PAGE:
Coaching

Do chessplayers think?

The late Simon Webb had a wonderful idea a while ago, to record chessplayers of different strengths for 10 minutes while they considered a chess position.  He published them in Barry Wood's old CHESS magazine in the 1970s, and I've used them before with groups.  We tried this last week; I gave them all this position:


Fridrik Olafsson
Svetozar Gligoric

Los Angeles (1)
1963

No. 1

A Thinking Process

I often think, only a correspondence player has the luxury of adopting a genuinely consistent thinking process. The rest of us have to contend with the clock, our emotions, our laziness...

I have struggled with this issue all my life, it seems. There has to be something which balances the thorough with the realistic.

For juniors, I have been playing around with a THINking scheme, which was really driven by the need to correct some common errors; it goes:

Elements of a chess profile

So, last week we launched the summer coaching sessions.  I explained the idea of the profile, and went on to ask everyone to complete the 3+3 exercise described below:
  • Three things I do well (or try to do well)
  • Three things I do badly (or want to do better)

The items were written onto coloured sticky notes, and I arranged thinto rough groups on a table.  Doubtless other arrangements were equally legitimate.  The idea was for everyone

Coaching for Adults

I'll be running some more coaching sessions over the summer, which might mean a poke around on the website.

When we first started running coaching sessions in the early 1990s, the set-up was a bit different.  We had lots of handouts on paper, we had a separate room to go and be noisy in, and there wasn't an awful lot of help available.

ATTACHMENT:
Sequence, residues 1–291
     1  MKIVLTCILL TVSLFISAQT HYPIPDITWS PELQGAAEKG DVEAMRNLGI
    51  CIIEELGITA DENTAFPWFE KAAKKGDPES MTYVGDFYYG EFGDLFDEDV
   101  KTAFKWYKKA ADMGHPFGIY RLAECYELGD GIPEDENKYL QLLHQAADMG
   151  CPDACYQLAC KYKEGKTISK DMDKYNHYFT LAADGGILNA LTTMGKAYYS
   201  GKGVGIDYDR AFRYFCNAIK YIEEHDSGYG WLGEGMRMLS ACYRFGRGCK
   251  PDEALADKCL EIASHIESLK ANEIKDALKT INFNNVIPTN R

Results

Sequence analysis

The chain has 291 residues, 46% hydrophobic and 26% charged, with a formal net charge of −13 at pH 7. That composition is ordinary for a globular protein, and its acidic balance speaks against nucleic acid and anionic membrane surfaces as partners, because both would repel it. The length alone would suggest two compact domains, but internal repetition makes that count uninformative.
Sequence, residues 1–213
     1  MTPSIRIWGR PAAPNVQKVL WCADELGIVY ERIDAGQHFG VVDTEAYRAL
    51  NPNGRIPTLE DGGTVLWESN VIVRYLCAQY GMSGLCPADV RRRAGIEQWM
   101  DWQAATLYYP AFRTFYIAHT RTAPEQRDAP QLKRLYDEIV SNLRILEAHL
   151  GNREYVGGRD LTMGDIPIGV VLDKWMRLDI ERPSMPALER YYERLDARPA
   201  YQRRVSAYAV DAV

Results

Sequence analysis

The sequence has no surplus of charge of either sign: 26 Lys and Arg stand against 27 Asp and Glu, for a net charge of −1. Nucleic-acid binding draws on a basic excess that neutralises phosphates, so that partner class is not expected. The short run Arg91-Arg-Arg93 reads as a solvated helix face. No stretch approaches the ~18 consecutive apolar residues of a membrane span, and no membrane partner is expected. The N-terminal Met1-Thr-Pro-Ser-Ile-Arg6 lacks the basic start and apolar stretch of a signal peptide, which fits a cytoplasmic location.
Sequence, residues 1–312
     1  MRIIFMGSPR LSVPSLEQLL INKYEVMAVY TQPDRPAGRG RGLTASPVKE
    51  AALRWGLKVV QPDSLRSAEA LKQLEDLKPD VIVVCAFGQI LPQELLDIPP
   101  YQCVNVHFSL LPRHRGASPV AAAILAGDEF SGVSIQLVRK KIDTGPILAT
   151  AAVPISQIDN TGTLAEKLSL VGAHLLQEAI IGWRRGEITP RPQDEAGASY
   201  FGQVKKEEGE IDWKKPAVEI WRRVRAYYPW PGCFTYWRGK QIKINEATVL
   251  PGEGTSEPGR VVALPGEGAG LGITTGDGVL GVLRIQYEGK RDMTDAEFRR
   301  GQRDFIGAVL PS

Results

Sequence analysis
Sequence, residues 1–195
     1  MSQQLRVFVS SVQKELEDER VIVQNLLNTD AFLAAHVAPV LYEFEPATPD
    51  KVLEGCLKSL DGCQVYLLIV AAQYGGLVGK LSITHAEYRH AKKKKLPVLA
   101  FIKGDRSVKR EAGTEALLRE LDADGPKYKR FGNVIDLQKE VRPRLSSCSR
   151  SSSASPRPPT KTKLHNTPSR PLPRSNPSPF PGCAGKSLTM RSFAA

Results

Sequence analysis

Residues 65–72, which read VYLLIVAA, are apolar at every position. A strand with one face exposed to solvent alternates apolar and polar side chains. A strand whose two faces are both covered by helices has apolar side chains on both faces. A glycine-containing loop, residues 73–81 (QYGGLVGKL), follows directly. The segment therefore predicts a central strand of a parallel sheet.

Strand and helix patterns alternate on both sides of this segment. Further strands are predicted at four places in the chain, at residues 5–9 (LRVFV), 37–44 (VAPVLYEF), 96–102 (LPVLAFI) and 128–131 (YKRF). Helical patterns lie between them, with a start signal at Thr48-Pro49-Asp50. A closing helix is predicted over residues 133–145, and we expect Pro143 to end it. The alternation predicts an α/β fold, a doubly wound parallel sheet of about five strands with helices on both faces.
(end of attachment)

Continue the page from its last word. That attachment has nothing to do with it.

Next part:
Over a decade on, where are we?

Well, one thing that is going to be the same is the self-help feel of the sessions.  I'm not that good a player to pose as an expert and

Coaching for Juniors

[all] 13th May 2007. Coaching 2007 Part 1: Juniors

My congratulations to my esteemed friend and occasional team-mate Mark Abbott, who put on another ten points to his grade last year.nbsp; When we played last year in the summer, I discovered he had played about 70 match and tournament games over the season, while I barely played 20.nbsp; It's a harsh realisation, but I think I'm never going to improve while playing so little.nbsp; But I did have a better tournament [this year

Book review: Danger in chess - Avni

[This review first appeared in KingPin]

Danger in Chess: How to avoid making blunders

Amatzia Avni (121pp, Cadogan Chess, 1994) [[sterling]]9.99
ISBN 1-85744-057-9

  This is a great little book, from an Israeli psychologist and chess-player, on a subject that must be on every chess-player's list of New Year Resolutions: I will not overlook pieces en prise, I will not miss a mate in two... Avni takes a brisk

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